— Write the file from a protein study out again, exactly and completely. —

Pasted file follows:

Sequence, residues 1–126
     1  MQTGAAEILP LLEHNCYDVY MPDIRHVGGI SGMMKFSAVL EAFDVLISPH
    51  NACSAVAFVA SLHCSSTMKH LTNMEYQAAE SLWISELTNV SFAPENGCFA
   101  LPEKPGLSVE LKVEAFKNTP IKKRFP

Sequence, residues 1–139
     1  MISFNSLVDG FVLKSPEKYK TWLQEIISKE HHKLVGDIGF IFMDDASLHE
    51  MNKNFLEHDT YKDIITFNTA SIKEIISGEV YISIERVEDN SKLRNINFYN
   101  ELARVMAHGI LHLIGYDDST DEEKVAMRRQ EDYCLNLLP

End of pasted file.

Sequence, residues 1–126
     1  MQTGAAEILP LLEHNCYDVY MPDIRHVGGI SGMMKFSAVL EAFDVLISPH
    51  NACSAVAFVA SLHCSSTMKH LTNMEYQAAE SLWISELTNV SFAPENGCFA
   101  LPEKPGLSVE LKVEAFKNTP IKKRFP

Sequence, residues 1–139
     1  MISFNSLVDG FVLKSPEKYK TWLQEIISKE HHKLVGDIGF IFMDDASLHE
    51  MNKNFLEHDT YKDIITFNTA SIKEIISGEV YISIERVEDN SKLRNINFYN
   101  ELARVMAHGI LHLIGYDDST DEEKVAMRRQ EDYCLNLLP